Another Perspective On The Nashville Statement By Rev. Dustin Bartlett

Reverend Dustin Bartlett

Another Perspective
by Rev. Dustin Bartlett
September 3, 2017

Earlier this week a group of evangelical Christians, under the guise of the Council on Biblical Manhood and Womanhood, released the “Nashville Statement.”  If you haven’t read it yet and you really want to, you can Google it.  I’m not going to reprint it here.

Or, I can save you the trouble of Googling it and summarize it for you:  “Sex before marriage is wrong.  Homosexuality is wrong.  Being transgender is wrong.  Marriage is between one man and one woman.”

It’s nothing new or groundbreaking.  On the contrary, it strikes me as being rather tired and old.  The preamble reads like it was written by people who are still pouting over the fact that the stranglehold they once held on political power in this country has forever slipped from their grasp.

But even though it’s nothing new, I feel the need to respond to the “Nashville Statement” specifically because its authors would have you believe that their statement is biblical.  (It isn’t.)  They would have you believe that the Bible expresses the very same views, with the very same clarity, that the “Nashville Statement” expresses.  (It doesn’t.)  They would have you believe that, if you want the Bible to be your guide, then you must endorse their views on sexual orientation and gender identity.  (I don’t, and you don’t have to either.)

I’m writing this article to make sure the world knows that there are millions – literally millions – of Christians who pray earnestly, who study the Bible earnestly, who seek to follow Christ earnestly, and who have come to a very different conclusion about what the Bible does and doesn’t say about homosexuality.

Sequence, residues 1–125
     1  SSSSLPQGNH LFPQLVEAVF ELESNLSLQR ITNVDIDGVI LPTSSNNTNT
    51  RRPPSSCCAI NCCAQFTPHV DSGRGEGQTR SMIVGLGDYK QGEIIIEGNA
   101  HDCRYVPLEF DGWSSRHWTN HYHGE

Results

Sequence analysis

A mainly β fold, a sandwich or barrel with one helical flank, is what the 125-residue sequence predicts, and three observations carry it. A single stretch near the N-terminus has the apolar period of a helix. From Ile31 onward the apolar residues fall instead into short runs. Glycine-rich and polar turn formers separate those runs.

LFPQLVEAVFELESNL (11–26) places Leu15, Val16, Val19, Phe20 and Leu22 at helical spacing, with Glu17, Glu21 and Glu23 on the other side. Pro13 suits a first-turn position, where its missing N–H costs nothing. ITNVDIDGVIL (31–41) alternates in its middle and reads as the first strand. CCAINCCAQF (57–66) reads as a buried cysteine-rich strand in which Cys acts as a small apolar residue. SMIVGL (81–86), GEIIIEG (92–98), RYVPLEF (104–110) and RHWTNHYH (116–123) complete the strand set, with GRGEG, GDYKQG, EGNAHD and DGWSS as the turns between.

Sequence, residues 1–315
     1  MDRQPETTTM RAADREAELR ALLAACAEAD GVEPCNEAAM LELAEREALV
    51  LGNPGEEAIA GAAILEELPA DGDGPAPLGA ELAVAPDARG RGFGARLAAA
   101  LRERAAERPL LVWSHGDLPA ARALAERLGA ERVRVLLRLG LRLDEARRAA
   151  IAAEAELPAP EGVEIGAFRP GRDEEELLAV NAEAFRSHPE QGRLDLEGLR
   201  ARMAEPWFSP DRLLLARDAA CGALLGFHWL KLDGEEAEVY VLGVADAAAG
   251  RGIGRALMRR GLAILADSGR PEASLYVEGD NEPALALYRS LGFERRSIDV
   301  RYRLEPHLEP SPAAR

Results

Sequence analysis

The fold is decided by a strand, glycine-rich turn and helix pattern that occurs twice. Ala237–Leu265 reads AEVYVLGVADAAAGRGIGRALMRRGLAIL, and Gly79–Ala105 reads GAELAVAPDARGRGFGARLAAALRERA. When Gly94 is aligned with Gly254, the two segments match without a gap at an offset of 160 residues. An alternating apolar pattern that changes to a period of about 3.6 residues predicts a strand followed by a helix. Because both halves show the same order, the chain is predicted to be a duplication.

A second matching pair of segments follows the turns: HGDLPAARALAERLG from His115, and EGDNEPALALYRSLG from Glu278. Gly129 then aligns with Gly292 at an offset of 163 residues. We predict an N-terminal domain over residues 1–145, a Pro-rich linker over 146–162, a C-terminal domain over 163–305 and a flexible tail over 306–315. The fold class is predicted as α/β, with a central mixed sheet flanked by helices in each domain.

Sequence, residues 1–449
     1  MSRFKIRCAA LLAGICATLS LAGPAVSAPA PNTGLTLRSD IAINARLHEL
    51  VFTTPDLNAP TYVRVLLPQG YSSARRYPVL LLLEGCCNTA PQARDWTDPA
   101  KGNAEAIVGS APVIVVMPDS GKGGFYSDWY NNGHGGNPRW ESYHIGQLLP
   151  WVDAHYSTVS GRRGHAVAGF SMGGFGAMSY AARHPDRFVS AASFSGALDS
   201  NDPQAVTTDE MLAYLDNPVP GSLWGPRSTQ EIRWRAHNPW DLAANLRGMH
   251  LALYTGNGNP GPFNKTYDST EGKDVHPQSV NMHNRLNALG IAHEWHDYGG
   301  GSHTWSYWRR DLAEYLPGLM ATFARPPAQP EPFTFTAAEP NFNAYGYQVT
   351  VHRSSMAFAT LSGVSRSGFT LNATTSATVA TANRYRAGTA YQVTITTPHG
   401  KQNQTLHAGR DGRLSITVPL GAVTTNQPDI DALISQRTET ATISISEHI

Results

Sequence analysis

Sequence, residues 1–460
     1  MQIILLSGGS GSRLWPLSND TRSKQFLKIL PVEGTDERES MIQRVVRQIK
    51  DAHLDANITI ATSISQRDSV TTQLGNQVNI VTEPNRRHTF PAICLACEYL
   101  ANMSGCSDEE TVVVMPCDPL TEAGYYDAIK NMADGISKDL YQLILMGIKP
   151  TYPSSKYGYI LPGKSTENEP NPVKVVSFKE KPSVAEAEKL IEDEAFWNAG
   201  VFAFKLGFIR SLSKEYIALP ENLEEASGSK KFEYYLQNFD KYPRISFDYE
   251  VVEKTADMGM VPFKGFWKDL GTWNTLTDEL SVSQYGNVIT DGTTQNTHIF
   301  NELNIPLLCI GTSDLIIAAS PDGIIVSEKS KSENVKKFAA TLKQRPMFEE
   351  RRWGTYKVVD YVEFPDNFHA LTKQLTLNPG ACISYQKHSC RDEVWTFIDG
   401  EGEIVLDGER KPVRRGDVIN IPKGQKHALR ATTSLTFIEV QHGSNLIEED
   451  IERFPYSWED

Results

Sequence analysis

Let’s start with this – the Bible doesn’t actually contain the word “homosexuality.”  Anywhere.  In the whole Bible.  That’s because there is no ancient Hebrew or Greek word which corresponds to the modern term “homosexuality”.  Not only did the ancient authors of the Bible not have a word for “homosexuality,” but they didn’t even have a conception of homosexuality as we use the term today. 

That’s not to say that there weren’t sexual relationships between people of the same-sex in the ancient world.  There certainly were, and they are widely attested to in the historical record.  However, the same-sex sexual relationships of the ancient world took place primarily between people whom we would today refer to as “straight” rather than “gay.”  And they were not distinguished from other sexual relationships based on the sexes of the participants, much less treated as a single, homogenous phenomenon distinct from sexual relationships between people of the opposite sex.

The idea expressed by the word “homosexual” – or better yet, “gay” – meaning a person who, due to their neurological and biochemical physiologies, is attracted to members of the same-sex  and who may want to pursue a life-long, committed, romantic relationship with another person of the same-sex was an idea that simply did not exist in the ancient world.